Reading Central Goods
(Destination Code: COY)
The justification for having a railway yard south of Reading was brought about by the growing number of local businesses on the south side of Reading requiring easy rail access for their supplies or forwarded goods. It soon became apparent that transporting increasing loads of goods through the narrow and busy streets of Reading to the railyards located on the northern outskirts was cumbersome and very inefficient.
The location chosen was an area of land between the Holy Brook and Kennet rivers, encompasing an old wharf used by the Kennet and Avon Canal company and an existing timber yard. Entry to yard was from Willow Street or Fobney Street. One obstacle to overcome was the relocation of an existing Masonic Hall.
Constructed by Messrs H. Lovatt & Co. of Woolverhampton for the Great Western Railway (GWR), it was offically opened on May 4, 1908. Using standard guage track, the
branch line ran for approximately 1.61 miles (2.5 km) from Southcote Junction through open meadows
until heading under the purposely built Berkeley Avenue road bridge and into
the Reading Central Goods yard at Coley. The track laid was of a higher load capacity than similar branch lines of the time. This meant that the only engines that could not use the line was the larger GWR King class steam locomotive.
Unidentified class '2251' 0-6-0 tender
Southcote Junction on the Coley Branch in May 1964 (Photo by Ian Nash)
The yard had 12 sidings divided into pairs which could accommodate approximately 300 wagons. It had a decent sized goods shed and offices. Spread around the yard were numerous fixed and mobile lifting cranes to facilitate the easy loading or loading of wagons. In addition there was a larger 10 ton lifting crane and a 20 ton weighbridge. Further sidings serviced the CWS Preserve Works, Esso Petroleum, Gascoignes and Simonds Brewery. In its heyday, the main traffic to and from the yard was Beer, Bricks, Coal, Timber, and Preserves. Later, more modernised mobile cranes ran on caterpiller tracks.
Reading Central Goods c1919 (L&RGP)
Signal Posts were installed at three locations. One was positioned on arrival from Reading, where the single line first split into two tracks. The next was positioned prior to the entrance to the yard. The last was positioned prior to rejoining the single line before departing for Reading.
Initially a water tank was provided with its own short siding just prior to the Berkeley Avenue road bridge and the entrance to the main yard. It lasted twenty years or so before the water tank and siding were removed as newer locomotives had enough water capacity to easily make the trip from Reading and back.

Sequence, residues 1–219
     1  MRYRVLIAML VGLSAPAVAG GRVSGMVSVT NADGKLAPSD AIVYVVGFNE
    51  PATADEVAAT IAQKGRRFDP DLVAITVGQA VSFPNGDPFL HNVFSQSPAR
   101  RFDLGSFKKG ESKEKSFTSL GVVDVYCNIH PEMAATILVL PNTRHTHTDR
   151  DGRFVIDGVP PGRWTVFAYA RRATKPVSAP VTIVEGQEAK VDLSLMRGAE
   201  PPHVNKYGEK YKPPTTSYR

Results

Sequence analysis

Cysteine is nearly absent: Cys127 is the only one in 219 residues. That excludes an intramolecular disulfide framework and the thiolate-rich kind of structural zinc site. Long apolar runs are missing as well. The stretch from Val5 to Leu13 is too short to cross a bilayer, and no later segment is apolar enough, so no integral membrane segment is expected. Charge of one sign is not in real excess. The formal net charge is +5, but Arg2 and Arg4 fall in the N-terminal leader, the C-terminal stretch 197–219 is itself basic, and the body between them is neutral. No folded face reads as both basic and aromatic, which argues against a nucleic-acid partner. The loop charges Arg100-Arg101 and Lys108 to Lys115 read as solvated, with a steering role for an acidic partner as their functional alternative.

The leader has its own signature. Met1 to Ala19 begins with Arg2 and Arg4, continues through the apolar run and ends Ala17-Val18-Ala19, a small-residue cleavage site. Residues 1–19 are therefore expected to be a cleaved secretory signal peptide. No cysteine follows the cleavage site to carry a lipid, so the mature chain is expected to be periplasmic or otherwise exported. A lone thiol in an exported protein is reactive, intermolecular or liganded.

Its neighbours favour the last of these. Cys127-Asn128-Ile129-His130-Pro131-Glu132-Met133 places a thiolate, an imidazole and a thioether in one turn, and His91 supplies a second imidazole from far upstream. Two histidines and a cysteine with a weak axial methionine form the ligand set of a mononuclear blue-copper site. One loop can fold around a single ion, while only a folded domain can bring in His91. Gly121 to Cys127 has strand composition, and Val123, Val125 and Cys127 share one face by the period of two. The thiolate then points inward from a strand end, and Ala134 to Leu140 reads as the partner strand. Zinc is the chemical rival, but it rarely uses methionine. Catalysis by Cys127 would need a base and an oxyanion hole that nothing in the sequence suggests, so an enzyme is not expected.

GWR class '2251' 0-6-0 tender
No. 2245 at Coley Depot on November 3 1956 (Original Photo by Hugh Davis)
Some traffic was still carted by river using the Kennet & Avon Canal, and was loaded and unloaded at nearby Bear Wharf where a railway siding and goods shed was provided. Goods were transported by narrow canal boats and slowly made their way to their destinations. Eventually the canal traffic was surpassed by the speed of railway transportation with only smaller loads being moved by canal. Due to canal traffic becoming increasingly unpopular, Bear Wharf along with its goods shed and siding eventually closed on March 20 1969.
Fireman throwing out the tablet at Southcote Junction
Photo by Colin Churcher - June 1961
At exactly the same location as the picture above, an unknown British Railways Class 08 Shunter waits patiently for departure from the Coley Goods Branch at Southcote Junction in 1968, whilst an unknown Beyer Peacock Class 35 'Hymek' rattles past on the UP main line towards Reading with a motley rake of empty coal wagons.
A number of companies were located or had offices at the railway yard, including H & T Timber Ltd. and Charles and Giles Ayres (C&G Ayers) coal merchants. On the east side, Builders W.W.Hall had a supply depot with a lot of their goods arriving by rail, especially roofing slate from Wales. On the west side Fyffes had a banana warehouse and Baynes had a timber yard.
In 1961, a special excursion train visited the yard with railway enthusiasts being transported by M7 class steam locomotive number 30051. The train consisted of just two coaches but was packed with excited train buffs. This locomotive was scrapped in the mid 1960's but was however immortilised when Hornby Models based their Drummond M7 0-4-4T on this very loco.
A Hornby model of 30051
Central Goods was closed on July 25 1983, with the track connection,
rail and sleepers being removed in January 1985. In later years the yard was completely obliterated when the Inner Distribution Road (A33) was diverted under the existing Berkeley Avenue railway bridge into Reading.
Do you have ???
Any local information or photographs of the old Reading Central Goods
or associated local companies, e.g. Simonds, C&G Ayers, CWS etc. ?
If you do, please email the address at the foot of this page ...